IN The Irishman (2019) someone puts a question to Frank Sheeran (Robert De Niro), the same question that is title of Charles Brandt’s 2004 book (I Heard You Paint Houses) — the same question one might ask of Martin Scorsese with the same innocuousness, and just the hint of something more.

The caged bird sings

IF I REMEMBER right, I saw Mario O’Hara’s Bulaklak sa City Jail (Flowers of the City Jail) on its opening run back in 1984 and thrilled to the story of Angela Aguilar (Nora Aunor), a hapless woman jailed for “frustrated murder.” Based on Lualhati Bautista’s novel of the same name, sequences stayed in memory — Angela’s first night reception (where her cellmates practically raped her); the attempted escape through an old mansion’s garden statuary, her pursuit by police through Manila Zoo. I remember the lurid red of the nightclub where Angela sings, the bleak glow of cellblock lights, the deep shadows of the zoo.

Should I stay or should I go?

DENISE O’HARA’S Mamang — part Gothic character study, part memory play, part comedy of accommodation — was one of the best films of 2018, I thought. Her sophomore effort Tayo Muna Habang Hindi Pa Tayo (Dating Not Dating) is at first glance a slick exercise in the Philippines’ most popular genre of the moment (the romcom) that at second glance develops (nonfans might say “devolves”) into something messier, more troubling.

Lost in space

PAUL W.S. ANDERSON’s Event Horizon is arguably the Mary Celeste of science fiction cinema, not just being the story of a ship lost in the vast oceans of space but the film itself falling victim to malevolent forces (Paramount Studios) and mutilated, the missing portions gone forever.

The good earth

MANUEL SILOS’ Biyaya ng Lupa (Blessings of the Land, 1959) is one of those films where one is hard-pressed to say why or how it’s great. It’s so understated, so modestly poised, so gracefully proportioned it takes a while — perhaps some time after a screening — before the finer qualities sink in deep enough to plink at the outer fringes of awareness.

No guts no glory

FRANK BORZAGE’s No Greater Glory is often described as one of the greatest anti-war films ever made — but is it?

Alone again, naturally

DWEIN BALTAZAR’s Oda sa Wala (Ode to Nothing, 2018) starts with the shot of a light bulb bombarded by a swarm of flying insects, the tinny recording of a Chinese song — “Jasmine Flower” — playing in the background.

No kidding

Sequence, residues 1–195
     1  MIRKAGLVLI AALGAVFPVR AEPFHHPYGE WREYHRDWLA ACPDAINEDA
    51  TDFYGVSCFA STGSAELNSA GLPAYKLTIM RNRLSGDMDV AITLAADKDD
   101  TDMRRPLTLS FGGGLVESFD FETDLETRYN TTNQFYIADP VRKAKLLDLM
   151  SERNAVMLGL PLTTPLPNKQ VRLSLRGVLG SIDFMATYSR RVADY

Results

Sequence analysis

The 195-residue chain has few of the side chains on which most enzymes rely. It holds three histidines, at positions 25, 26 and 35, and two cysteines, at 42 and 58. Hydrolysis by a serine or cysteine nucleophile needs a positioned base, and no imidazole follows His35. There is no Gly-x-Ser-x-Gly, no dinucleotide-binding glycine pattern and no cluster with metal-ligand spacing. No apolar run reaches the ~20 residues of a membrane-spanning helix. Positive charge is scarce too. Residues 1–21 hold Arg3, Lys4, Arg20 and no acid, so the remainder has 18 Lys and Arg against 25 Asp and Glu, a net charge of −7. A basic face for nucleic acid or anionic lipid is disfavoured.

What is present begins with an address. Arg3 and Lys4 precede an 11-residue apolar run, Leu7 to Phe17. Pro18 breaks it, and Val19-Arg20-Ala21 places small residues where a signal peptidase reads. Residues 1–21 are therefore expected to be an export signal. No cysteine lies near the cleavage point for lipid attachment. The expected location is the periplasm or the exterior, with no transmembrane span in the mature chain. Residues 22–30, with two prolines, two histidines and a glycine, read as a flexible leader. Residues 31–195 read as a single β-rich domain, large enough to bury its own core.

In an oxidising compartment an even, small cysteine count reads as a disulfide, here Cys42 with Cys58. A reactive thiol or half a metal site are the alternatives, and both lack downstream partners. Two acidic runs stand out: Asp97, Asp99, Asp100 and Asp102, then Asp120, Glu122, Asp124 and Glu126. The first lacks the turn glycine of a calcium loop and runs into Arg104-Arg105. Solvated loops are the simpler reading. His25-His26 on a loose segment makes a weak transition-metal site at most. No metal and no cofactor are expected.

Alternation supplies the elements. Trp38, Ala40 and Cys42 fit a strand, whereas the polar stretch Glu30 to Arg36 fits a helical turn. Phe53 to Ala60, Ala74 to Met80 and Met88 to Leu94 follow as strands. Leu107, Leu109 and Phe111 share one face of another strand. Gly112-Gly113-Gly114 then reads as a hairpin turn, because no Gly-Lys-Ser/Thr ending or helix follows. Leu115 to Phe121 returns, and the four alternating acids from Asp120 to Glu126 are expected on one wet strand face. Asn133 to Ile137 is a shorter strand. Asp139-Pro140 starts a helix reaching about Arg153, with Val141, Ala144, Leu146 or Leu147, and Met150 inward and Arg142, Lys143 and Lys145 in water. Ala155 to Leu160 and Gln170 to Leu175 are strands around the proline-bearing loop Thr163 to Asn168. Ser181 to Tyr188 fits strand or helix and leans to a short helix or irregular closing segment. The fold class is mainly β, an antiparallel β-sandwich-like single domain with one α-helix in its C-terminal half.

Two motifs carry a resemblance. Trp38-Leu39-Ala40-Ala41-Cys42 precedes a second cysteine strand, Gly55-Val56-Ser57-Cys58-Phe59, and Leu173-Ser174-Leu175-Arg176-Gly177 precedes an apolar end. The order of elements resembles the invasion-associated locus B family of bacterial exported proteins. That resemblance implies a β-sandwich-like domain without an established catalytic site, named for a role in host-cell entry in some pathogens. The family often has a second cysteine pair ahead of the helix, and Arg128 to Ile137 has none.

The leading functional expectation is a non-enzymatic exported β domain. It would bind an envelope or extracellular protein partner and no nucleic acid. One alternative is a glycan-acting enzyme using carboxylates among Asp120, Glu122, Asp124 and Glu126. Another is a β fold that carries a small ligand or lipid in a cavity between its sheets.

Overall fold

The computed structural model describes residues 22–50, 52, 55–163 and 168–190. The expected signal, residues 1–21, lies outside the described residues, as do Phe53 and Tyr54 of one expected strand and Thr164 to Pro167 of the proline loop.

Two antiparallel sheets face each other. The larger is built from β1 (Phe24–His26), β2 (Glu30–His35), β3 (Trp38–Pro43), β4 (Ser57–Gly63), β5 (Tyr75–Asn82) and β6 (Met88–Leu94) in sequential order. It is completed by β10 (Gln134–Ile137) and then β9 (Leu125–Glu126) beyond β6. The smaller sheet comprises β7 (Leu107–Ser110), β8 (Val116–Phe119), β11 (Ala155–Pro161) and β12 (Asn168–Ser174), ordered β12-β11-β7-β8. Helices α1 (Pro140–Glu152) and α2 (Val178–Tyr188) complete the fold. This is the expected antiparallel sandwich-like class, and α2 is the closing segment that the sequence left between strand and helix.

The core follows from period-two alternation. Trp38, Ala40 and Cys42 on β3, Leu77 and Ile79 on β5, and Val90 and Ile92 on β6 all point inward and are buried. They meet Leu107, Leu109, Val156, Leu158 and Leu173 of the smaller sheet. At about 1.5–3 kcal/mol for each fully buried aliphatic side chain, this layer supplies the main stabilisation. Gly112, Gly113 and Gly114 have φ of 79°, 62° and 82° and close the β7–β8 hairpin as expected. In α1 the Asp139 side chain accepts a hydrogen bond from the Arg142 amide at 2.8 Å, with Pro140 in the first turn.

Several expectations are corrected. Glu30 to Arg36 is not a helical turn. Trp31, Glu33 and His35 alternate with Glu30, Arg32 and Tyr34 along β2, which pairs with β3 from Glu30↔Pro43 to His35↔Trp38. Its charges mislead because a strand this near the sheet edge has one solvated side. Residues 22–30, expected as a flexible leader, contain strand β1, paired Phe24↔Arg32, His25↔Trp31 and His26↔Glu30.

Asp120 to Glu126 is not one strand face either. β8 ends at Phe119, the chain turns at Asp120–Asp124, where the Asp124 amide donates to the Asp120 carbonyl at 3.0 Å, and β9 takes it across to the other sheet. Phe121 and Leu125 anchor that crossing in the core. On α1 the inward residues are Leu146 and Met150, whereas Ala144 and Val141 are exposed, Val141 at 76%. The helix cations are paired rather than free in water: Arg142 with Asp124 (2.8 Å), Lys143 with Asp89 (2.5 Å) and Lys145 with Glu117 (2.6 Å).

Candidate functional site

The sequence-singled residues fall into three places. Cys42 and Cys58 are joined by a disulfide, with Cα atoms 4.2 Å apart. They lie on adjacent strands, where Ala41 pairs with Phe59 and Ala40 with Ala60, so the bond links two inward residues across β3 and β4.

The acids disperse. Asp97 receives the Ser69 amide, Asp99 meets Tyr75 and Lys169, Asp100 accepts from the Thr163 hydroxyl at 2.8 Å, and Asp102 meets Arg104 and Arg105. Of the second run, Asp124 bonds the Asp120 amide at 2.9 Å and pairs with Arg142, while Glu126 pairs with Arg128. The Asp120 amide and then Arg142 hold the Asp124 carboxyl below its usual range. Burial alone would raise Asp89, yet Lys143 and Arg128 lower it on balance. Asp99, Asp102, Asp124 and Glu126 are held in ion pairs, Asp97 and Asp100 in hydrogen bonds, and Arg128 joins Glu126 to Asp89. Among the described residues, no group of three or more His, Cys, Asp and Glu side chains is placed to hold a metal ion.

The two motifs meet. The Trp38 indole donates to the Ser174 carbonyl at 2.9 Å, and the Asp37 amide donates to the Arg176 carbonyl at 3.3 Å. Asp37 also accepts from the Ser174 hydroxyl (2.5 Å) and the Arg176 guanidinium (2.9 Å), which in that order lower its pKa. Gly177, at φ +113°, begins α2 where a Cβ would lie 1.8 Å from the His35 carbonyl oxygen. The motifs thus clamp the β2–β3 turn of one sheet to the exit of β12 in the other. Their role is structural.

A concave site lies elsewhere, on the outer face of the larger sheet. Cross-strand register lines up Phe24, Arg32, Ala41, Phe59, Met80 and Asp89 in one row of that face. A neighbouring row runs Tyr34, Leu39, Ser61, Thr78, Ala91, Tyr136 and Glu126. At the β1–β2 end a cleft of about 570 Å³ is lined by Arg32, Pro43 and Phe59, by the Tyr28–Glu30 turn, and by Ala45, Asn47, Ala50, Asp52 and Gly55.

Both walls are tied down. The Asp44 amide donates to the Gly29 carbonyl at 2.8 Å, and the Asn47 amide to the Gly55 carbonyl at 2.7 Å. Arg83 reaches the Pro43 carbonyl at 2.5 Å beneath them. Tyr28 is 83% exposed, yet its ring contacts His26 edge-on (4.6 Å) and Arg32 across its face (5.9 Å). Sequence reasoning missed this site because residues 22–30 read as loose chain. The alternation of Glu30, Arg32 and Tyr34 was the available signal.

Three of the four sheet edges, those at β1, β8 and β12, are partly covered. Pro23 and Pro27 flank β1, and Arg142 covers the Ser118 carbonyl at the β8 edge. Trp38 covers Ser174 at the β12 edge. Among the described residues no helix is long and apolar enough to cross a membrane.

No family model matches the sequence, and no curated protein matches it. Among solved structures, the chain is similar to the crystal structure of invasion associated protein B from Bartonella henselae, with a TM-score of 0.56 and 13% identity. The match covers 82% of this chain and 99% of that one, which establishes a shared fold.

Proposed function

YOU’D THINK the director of The Hangover doing an aggressively somber adaptation of an iconic comic-book character was a joke, but no. You’d think the movie being given an eight-minute standing ovation, then a Golden Lion at the 76th Venice Festival was meant to be an elaborate prank but apparently not.

The film don’t fly

JIM JARMUSCH’s latest feature The Dead Don’t Die (2019) is arguably his most commercial effort yet, a fairly big-budgeted production* with high-profile cast -- working I’m guessing for scale or free -- and opening wide in the USA, around 600 theaters.

Heart of darkness

CONSIDER THE case of James Gray. He’s never directed a box office hit (though some have made their money back, barely); he’s more of an arthouse filmmaker, with distinct obsessions and eclectic influences — kind of like Tarantino, only backed by genuine filmmaking talent and a near-zero interest in cultivating commercial appeal.

Father knows best

SEPTEMBER 19 marks 70 years since Yasujiro Ozu’s Late Spring (Banshun) was first released, in 1949. The film is the first entry in his “Noriko Trilogy” (quintessential Ozu muse Setsuko Hara playing single or widowed character named Noriko), and the first masterpiece of his late period (rigorous pared-down style, soft-spoken focus on domestic tensions).

Victim or accomplice?

JULIE (Honor Swinton Byrne), heroine of Joanna Hogg’s latest film The Souvenir, is a fresh-faced youth whose every emotion registers as loudly as a fork dragged across rice paper; the film, on the other hand, is like obsidian glass, dark in tone and emotionally opaque — run a fingernail across its polished gleam and you leave not a mark.

Presumed innocent

DON’T LET the rather innocuous-sounding title of Arden Rod Condez’s debut feature John Denver Trending fool you: this is a harrowing film, a horror film, entirely plausible yet nightmarish in feel.

Pulp fanfic

FINALLY Quentin Tarantino’s mildly racist, markedly misogynistic, mostly masturbatory Once Upon a Time in Hollywood has hit Filipino screens and if all indications prove correct it will be a major hit. Maybe not as big a hit as Marvel’s Avengers: Endgame (which I didn’t like much either) but I do love the way folks have spun the popularity of Tarantino’s wankfest: as one of the rare non-sequel non-franchise pictures to open to good box office.

A tribute to Richard Williams, 1933–2019

ONCE upon a time, there was an animator named Richard Williams who built a reputation out of fashioning animated shorts.


THE FILM starts out as a fevered dream: oddly warped feet walking across the screen, their steps spreading outwards like a malignancy; the camera shifts and we realize we’re looking at water reflections of three men’s legs crossing a concrete floor. For some reason your eye focus on the leading man’s hands: they hang down from limp heavily resigned arms. Why?

Nun other

AT ITS best Mikhail Red’s Eerie is exactly that: eerie. The son of pioneering indie filmmaker Raymond Red has I’d say inherited his father’s eye for editing, composition, and lighting, fashioning films that are (whatever else you might say about them) strikingly visual, with accompanying social commentary.